“Right now, we are testing three projects for 2G in India. Picture will be clear by the middle of next year. We will have a first-hand feel once these three projects go on stream. We have R&D facilities where we develop these processes, our patented processes. If successful, this will drive future business in India, Europe and U.S.,” says Chaudhari, adding, “In Europe, we are looking at wheat straw and forestry-based agri-waste as raw material. In U.S., it will be corn stover and forestry. The entire value chain, ecosystem has to be established. International players are also working on this. We are among the front-runners.” This means the company expects its revenue mix to tilt slightly in favour of foreign businesses in the coming years.

Biochemicals Opportunity

Next offerings from Praj will be biochemicals. The company’s R&D centre is working on developing bioplastics from raw materials used to produce ethanol. The timing could not have been better as government has recently banned single-use plastic. “Industry is yet to see an affordable, viable solution in bioplastics. The characteristics and specifications of bioplastics should be compatible with that of petroleum-derived plastics. There is huge traction due to ban on single-use plastic. We will have our demonstration plant up and running for a variety of samples by the end of 2023,” says Chaudhari.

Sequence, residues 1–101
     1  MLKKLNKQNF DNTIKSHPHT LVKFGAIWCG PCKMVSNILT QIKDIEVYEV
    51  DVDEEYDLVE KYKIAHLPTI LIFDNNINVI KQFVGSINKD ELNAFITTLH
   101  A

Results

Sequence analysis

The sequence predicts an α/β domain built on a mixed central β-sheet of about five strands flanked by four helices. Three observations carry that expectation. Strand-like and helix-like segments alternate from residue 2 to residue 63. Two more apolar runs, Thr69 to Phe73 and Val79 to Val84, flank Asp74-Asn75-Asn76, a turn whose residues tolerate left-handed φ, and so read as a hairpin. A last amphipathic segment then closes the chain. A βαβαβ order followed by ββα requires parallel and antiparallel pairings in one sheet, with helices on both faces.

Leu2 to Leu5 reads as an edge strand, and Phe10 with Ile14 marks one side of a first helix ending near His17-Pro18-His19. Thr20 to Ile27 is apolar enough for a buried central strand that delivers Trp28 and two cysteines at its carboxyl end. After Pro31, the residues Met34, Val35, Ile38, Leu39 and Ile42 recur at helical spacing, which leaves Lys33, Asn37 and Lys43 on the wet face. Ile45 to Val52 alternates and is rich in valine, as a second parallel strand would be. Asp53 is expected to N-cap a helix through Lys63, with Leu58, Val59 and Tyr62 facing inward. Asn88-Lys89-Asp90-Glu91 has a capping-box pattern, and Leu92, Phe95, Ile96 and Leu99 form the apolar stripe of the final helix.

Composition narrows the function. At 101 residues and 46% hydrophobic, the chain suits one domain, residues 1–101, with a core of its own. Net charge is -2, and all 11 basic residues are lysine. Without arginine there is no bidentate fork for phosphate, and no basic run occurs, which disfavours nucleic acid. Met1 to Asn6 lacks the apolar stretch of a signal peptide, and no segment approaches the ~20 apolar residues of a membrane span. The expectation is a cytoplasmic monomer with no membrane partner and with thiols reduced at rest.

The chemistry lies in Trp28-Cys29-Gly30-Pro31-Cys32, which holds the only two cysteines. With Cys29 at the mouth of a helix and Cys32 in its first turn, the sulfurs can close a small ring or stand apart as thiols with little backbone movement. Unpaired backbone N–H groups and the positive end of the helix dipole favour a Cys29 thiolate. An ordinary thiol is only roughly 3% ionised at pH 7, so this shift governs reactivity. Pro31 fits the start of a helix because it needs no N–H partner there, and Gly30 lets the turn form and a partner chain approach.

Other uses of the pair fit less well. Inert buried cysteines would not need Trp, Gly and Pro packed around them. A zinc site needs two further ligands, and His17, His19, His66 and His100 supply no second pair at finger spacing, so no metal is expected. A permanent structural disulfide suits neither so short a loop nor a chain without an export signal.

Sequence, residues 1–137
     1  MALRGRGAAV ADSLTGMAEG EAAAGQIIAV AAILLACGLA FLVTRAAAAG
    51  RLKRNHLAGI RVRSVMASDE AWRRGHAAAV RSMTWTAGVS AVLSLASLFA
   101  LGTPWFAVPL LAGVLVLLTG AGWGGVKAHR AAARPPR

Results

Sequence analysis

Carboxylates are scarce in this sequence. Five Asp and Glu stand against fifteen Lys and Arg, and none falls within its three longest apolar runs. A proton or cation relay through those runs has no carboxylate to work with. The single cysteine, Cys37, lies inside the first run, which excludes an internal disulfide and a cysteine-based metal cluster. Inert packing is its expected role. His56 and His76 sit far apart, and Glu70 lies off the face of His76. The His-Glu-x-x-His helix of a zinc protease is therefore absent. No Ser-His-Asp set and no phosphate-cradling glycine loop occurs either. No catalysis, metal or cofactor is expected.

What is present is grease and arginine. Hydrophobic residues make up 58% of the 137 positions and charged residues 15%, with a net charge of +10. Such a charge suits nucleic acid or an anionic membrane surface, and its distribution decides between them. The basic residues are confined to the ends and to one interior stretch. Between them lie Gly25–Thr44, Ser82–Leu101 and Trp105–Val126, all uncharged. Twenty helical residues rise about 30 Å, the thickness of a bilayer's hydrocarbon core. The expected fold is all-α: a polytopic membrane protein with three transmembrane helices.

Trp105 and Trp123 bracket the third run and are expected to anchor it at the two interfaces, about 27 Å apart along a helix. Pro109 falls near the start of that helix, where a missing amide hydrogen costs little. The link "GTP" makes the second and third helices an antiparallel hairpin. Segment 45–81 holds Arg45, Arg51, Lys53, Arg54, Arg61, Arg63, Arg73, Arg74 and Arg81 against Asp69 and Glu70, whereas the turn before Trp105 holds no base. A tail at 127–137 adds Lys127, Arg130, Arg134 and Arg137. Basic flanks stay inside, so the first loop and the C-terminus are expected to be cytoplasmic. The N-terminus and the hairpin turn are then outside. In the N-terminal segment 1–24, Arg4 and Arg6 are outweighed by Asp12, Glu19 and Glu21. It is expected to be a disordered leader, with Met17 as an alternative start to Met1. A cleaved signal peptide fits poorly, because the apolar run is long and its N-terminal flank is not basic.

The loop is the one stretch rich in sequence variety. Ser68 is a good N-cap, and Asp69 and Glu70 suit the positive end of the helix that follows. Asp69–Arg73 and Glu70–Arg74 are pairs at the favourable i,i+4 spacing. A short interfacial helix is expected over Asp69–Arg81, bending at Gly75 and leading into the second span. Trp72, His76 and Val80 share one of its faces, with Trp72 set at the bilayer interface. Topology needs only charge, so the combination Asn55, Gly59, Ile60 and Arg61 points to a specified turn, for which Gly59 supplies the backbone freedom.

According to him, Praj is working on two technology platforms. “One is the fuel platform, which we call the biomobility platform. The other is the bioprism platform under which we are developing bioplastics. Biomobility starts with 1G & 2G ethanol, aviation fuel, etc. We can also aim for bio-hydrogen, marine biofuels,” says Chaudhari.